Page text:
Well, as a GPL-licensed software developer, the commenter is dissuading Microsoft from using his/her stuff, since Microsoft, should they incorporate that person's code in their products and be honest about doing so, would need to open up, too. Right now, Microsoft don't seem to be too interested in doing that, apart from a few side-projects accompanied by the usual whispering about "intellectual property".
Of course, Microsoft and other patent aggressors would like to have their cake and eat it, reserving the right to brush aside copyright when it suits them by playing the patent card. This allows such organisations to make spurious claims of "infringement" when actually committing genuine copyright infringements at the expense of other parties. In other words, it's all about the "right" to throw the toys out of the corporate pram when caught being naughty and to claim that the rules that apply to everyone else need not apply to you because you have "special rules" that you've paid for (at the patent office and in "contributions" to legislators).
""Linux is worth billions" - yes, but there's nothing with money that's easy to sue"
Easy to sue, indeed.
""If modern, newbie targeted Linux distros (e.g. Ubuntu) were any easier to install, they would be offering you sexual favours at the end. " - very true. But Windows still deals with post-install hardware changes better, at the user level"
Quite some hand-waving going on here. There are quite a few devices which Ubuntu manages to deal with after installation "at the user level" - no driver disks or aimless surfing around for long-forgotten vendor binaries on random dodgy sites.
Pretty much nothing in the kernel of either Linux or Windows is novel. The changes over the last 10 years have still only been implementing what was already understood in the '60s it's just that it wasn't practical to implement due to relative inefficient use of resources compared to what they were handling. As the resources the OS manages and the relative resource requirements for tasks increase as well, then it becomes more beneficial to implement the more complex algorithms. But don't be fooled by Microsoft calling them novel, there's a lot that they have patented that is obvious to experts in the field once translated from legalese.
Linus Torvald's comments:
Also note that Microsoft has been very careful not to suggest that Linux is infringing on it's patents in any legal jurisdiction which would require automatic indication of what patents they were referring to (Germany). That should tell you a lot about how willing they are to back up their claims.
To quote MS dolt from the fine article, "At some point almost all our product will have open source in it". Orly? I suspect that they will indeed have open source in them however it wont be open source as we know it. It will the some bastardized version of open source that M$ has dreamed up. One which ensures that it is indeed not at all open to anyone but a chosen few within the hallowed halls of redmond and if anyone outside has an clue as to what it is they will have paid a metric ton of money for it.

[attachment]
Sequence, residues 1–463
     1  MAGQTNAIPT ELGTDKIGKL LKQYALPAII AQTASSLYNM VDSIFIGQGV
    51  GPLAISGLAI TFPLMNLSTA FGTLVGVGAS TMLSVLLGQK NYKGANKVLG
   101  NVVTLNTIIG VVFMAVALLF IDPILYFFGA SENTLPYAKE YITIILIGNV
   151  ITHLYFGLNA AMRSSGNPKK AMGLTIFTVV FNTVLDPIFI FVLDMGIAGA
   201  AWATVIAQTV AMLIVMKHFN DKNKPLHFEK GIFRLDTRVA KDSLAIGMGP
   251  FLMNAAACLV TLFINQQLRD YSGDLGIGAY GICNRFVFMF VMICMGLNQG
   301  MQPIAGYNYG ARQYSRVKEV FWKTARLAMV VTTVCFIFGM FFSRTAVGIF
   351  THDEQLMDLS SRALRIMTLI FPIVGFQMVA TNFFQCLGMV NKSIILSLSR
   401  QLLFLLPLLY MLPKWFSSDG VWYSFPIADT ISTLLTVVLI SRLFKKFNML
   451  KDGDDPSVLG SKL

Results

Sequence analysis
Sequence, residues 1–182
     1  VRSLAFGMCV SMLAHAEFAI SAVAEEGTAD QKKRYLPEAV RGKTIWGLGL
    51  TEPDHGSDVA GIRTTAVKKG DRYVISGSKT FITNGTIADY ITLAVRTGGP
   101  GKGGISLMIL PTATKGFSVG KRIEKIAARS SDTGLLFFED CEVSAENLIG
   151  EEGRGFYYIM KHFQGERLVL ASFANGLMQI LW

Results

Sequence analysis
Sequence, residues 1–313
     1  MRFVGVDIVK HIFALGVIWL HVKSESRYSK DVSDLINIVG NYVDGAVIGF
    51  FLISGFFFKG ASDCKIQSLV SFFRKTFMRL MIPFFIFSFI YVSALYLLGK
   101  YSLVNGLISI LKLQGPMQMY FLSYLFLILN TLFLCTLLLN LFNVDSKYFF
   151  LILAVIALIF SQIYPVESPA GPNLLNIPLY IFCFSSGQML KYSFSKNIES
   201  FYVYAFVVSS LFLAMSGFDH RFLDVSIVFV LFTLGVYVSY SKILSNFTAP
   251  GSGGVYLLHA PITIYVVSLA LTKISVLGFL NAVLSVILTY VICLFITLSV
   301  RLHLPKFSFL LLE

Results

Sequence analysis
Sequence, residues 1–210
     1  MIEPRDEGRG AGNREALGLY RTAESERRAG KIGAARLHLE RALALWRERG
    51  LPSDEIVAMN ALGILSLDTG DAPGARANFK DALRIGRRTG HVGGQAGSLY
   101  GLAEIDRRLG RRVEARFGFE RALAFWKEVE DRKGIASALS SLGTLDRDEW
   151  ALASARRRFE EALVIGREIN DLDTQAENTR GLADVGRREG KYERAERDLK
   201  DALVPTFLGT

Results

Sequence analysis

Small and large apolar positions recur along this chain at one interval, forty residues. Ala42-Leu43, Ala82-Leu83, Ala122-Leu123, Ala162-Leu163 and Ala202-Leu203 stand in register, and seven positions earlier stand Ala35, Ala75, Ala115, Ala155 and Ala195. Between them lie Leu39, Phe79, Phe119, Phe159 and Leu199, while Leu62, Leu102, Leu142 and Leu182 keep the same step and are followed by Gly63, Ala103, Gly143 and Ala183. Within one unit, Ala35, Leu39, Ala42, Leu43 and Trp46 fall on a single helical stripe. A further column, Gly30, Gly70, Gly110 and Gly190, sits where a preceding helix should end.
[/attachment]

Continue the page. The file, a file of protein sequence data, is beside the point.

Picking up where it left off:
No one in their right mind has for a moment bought this bullshit coming from microsoft when it comes to them cozying up to the open source community. It's one of the oldest tricks in the book: extend, embrace, destroy. Going past all the crap, all the marketing speak, all the hubris the fact is MS is still scared shitless of the open source movement and you can be assured they will quash it at every turn then steal what ever ideas it deems worthy and bury that idea in a mountain of encrypted proprietary source code.
Excuse me Sir, does that product contain Linux?
Even in the very worst case situation, what are M$ hoping to achieve? even if the very worst case situation arises are they going to start searching every home for s distro disc?
Are they going to come after me for using FAT in a home built data-logger?
And who keeps feeding all these M$ termites? bloody things are everywhere!
@ Lager And Crisps
By Anonymous Coward Posted Friday 27th February 2009 20:51 GMT
a) Why is Microsoft this taking action now?
The answer, you muppet, is to get the money that MS are rightly owed as a result of Tom Tom stealing their IP.........
And I'm a muppet?
You can say one of many things regarding Microsoft and this entire episode. They are scared of Linux and Open Source. The people that rely on Microsoft, even more so.
My last comment irritated a 'Microsoftie' so much as to respond in person,
Make of that what you will.
"Remember there's a fair bit of opensource code that MS can use legitimately, without even having to acknowledge that it is there."
If you're referring to permissively licensed code, be aware that even the most permissive licences require copyrights and other notices to be distributed, thus acknowledging the presence of such code.
"The answer, you muppet, is to get the money that MS are rightly owed as a result of Tom Tom stealing their IP........."